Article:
ST. PETERSBURG, Fla. — It's typical baby behavior to crawl around on the ground, chew on toys and put a lot of things in your mouth that you shouldn't.
But did you ever think about how much of that plastic is going in one end and out the other?
One group of scientists went right to the source to find out. A study published on Sept. 22 tested stool samples from six different 1-year-olds in New York City and compared them to samples from adults.
They found the average concentration of one type of microplastic called PET, or polyethylene terephthalate, found in baby stool was 10 times higher than that in adult stool, as first reported by The Verge. PET is commonly used in baby bottles and polyester textiles, like rugs.
The findings suggest that babies are exposed to higher levels of microplastic than adults, likely from all that crawling and chewing. Another study found that baby bottles also have the potential to shed microplastics. So if someone prepares baby formula by shaking it in a bottle with warm water, the study says millions of particles of microplastic could be released.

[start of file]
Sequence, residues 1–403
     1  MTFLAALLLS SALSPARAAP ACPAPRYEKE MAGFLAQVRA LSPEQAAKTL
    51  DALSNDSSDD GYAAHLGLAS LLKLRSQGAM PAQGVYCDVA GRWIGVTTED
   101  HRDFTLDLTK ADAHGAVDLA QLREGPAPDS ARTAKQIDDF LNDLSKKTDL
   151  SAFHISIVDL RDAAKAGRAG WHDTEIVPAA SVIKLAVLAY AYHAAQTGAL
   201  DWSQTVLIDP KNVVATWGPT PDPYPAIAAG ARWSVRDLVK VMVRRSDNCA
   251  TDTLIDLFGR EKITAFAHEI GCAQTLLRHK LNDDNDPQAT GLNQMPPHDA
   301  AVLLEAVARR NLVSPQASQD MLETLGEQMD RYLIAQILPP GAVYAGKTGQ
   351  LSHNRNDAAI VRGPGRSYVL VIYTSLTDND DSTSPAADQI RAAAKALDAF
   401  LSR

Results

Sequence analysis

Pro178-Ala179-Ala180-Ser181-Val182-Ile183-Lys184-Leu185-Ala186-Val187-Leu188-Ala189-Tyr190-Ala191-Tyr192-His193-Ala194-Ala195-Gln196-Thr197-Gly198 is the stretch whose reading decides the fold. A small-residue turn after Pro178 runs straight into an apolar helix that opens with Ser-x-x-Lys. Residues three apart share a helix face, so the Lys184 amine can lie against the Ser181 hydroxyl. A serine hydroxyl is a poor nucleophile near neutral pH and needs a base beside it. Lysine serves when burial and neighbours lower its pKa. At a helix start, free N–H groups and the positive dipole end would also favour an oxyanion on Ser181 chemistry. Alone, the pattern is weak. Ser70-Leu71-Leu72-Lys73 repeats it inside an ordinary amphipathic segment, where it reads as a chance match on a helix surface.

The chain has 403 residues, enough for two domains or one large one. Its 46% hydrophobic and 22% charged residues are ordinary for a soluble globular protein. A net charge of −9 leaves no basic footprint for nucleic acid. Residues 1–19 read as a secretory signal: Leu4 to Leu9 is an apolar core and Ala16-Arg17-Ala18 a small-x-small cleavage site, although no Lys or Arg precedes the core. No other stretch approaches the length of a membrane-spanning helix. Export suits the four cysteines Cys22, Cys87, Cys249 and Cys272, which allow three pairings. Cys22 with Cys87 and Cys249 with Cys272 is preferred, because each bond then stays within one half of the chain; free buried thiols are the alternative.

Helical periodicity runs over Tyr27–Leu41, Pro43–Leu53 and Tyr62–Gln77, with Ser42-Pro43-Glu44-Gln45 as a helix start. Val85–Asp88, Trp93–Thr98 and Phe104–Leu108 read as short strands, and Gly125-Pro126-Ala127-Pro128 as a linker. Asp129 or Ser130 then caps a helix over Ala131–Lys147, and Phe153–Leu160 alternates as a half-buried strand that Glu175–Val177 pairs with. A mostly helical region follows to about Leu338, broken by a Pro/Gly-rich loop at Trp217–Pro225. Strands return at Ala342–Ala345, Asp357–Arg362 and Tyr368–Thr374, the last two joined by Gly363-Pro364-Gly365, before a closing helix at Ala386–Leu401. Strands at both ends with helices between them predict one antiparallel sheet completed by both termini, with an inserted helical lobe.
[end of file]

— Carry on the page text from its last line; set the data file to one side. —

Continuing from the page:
So should we be worried?
Scientists are still working to figure that out. There's still a lot of research to be done on how microplastics affect our health.
“Babies are exposed to high levels of plastics, something needs to be done,” Kurunthachalam Kannan, co-author of the study and professor of environmental medicine and pediatrics at NYU, said via The Verge.
“Early life stages are very vulnerable," he added.
However, the PET Resin Association (PETRA) says that the specific type of microplastic commonly found in bottles, PET, does not contain elements like BPA or endocrine disruptors that are commonly known to cause harm.
PETRA adds that, despite common myth, drinking water from a PET bottle that has been left in a hot car, frozen, used more than once does not pose any health risk.
Kannan argues that there hasn't been enough research done recently to confirm if this longstanding belief is true. He said there needs to be more federal funding for studies that would look at a wider population to really understand how plastic exposure affects us, the Verge reports.